‘Convergence’ was the latest quirky addition to Beyond Marathon’s portfolio of events, the idea being that runners had to get to Hope by high noon on Sunday from….. well….. wherever they wanted, with the overall winner being the person who started furthest away as the crow flies. So basically a game of risk – how far away dare you start and still make it to the finish in time.
Not fancying the prospect of running many miles of straight roads to maximise distance I saw it as an opportunity to have some fun and maybe come last and first in the same event. I could perhaps get the wooden spoon award for starting closest to the finish AND win the Edmund Tenzing award for the most elevation gain over the 24 hours.
So I started at noon on Saturday from Rowsley to embark on a 24 hour ramble around the Peak District, climbing all the hills I fancied climbing. The great company of Emma Roe and Chris Purslow helped the first few hours fly by, as we covered 18 miles to get to Baslow (3 miles away from my start). From there I flew solo to make my way to the finish line (now 9 miles away) over the next 17 hours.
In the end I was beaten into 2nd place for the elevation award by someone with a plan more cunning than mine. However, I’m not sure he had as much fun as me, with the highlights of my journey being: watching the sun go down from Higger Tor, a slap up dinner in a pub in Hathersage, succeeding in some tricky night time navigation over the moors above Eyam, the silence of Win Hill summit at 1:30am, a nice snooze in my bivvy on Hope Brink and one of the best sunrises ever from the edge of Kinder Scout.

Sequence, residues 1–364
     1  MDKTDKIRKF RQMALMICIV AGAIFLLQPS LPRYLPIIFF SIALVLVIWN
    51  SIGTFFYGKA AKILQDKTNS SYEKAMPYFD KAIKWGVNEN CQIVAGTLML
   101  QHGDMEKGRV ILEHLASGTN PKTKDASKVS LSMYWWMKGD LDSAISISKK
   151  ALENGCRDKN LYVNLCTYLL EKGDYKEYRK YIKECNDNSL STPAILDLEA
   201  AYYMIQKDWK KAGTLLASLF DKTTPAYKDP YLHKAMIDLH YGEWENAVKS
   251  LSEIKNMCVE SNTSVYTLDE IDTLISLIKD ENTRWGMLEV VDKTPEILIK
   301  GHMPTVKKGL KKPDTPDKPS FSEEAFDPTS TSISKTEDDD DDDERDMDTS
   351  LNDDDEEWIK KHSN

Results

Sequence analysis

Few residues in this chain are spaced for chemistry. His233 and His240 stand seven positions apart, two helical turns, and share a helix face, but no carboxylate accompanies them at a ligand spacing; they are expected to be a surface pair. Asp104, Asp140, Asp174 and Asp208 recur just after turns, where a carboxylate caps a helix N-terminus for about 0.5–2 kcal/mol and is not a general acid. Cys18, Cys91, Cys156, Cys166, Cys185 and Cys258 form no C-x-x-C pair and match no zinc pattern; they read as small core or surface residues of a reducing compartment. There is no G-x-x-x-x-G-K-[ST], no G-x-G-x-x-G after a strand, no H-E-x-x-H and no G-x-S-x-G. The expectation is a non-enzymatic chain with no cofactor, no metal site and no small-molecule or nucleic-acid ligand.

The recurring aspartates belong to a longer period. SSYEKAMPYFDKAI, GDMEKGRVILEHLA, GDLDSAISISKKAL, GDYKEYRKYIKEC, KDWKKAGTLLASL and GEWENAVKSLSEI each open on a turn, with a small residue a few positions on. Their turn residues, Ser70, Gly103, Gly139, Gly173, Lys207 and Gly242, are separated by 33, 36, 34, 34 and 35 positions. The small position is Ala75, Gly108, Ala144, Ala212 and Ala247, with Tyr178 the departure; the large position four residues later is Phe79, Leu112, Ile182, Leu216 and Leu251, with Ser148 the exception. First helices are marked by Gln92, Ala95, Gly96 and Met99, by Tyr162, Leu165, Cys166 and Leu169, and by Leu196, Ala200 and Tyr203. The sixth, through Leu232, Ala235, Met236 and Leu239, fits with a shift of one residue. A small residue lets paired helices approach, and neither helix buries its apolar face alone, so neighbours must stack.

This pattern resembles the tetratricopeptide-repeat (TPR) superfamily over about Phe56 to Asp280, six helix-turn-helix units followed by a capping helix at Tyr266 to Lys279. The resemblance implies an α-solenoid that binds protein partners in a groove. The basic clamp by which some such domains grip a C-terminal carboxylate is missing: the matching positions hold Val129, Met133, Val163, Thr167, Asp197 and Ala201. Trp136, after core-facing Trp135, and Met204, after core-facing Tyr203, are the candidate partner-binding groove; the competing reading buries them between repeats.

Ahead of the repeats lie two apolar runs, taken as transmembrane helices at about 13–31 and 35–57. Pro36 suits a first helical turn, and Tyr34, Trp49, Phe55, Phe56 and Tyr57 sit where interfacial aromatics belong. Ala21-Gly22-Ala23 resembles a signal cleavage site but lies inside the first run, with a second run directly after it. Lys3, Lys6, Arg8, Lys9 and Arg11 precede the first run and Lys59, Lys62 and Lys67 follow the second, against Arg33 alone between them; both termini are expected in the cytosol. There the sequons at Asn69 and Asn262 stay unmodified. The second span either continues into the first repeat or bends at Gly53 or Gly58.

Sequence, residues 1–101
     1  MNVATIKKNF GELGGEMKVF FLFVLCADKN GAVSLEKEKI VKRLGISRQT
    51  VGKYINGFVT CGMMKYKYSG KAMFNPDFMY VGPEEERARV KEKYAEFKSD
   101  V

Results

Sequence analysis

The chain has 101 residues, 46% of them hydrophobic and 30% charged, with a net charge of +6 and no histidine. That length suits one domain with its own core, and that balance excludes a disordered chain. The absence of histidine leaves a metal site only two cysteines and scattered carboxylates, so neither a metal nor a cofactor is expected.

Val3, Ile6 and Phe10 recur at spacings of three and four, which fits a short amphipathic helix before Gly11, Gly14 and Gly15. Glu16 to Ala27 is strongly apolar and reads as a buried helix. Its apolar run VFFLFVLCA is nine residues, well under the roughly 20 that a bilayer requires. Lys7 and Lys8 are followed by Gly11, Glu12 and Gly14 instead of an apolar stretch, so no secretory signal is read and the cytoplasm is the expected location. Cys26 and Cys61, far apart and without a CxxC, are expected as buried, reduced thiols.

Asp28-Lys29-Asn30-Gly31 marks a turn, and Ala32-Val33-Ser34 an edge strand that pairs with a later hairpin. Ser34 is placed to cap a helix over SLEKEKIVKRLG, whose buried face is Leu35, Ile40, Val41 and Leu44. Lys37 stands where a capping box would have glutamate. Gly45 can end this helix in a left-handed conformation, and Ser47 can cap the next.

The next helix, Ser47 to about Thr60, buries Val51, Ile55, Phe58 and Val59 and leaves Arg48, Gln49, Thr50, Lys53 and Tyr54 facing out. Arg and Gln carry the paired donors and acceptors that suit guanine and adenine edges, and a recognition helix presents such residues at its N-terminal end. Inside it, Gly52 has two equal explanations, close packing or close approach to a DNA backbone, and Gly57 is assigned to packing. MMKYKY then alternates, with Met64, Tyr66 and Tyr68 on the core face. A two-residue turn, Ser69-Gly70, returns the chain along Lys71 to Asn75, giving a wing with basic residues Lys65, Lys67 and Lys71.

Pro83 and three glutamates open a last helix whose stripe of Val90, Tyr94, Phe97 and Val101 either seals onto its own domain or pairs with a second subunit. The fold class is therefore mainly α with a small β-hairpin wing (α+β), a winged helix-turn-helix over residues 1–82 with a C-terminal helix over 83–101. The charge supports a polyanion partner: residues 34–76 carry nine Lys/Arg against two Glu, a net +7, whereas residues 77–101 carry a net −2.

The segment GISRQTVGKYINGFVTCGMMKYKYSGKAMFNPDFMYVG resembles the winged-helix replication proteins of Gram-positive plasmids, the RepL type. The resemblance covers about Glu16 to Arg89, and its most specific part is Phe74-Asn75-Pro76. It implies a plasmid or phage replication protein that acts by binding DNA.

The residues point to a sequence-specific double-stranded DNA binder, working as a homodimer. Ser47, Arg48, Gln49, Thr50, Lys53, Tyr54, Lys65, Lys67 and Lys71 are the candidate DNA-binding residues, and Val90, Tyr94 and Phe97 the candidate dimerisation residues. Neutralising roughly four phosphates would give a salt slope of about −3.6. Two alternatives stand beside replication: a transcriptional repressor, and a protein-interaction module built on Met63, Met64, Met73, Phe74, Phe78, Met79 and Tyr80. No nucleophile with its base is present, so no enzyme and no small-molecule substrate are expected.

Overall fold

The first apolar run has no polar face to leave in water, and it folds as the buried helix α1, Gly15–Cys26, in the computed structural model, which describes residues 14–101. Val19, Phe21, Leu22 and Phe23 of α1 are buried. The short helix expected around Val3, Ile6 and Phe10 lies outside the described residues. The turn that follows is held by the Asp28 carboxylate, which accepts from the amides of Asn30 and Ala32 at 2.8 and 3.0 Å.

And finally sharing experiences with other participants at the finish after they arrived from just about every direction.
Andy completed 12.32 miles as the crow flies (but his feet turned that into 51) and the next closest in the wooden spoon competition was 30.16. He also climbed 3,255 metres while the winner did 4,804. 9 runners retired and one poor chap timed out by 40 minutes. Well done Andy… I think…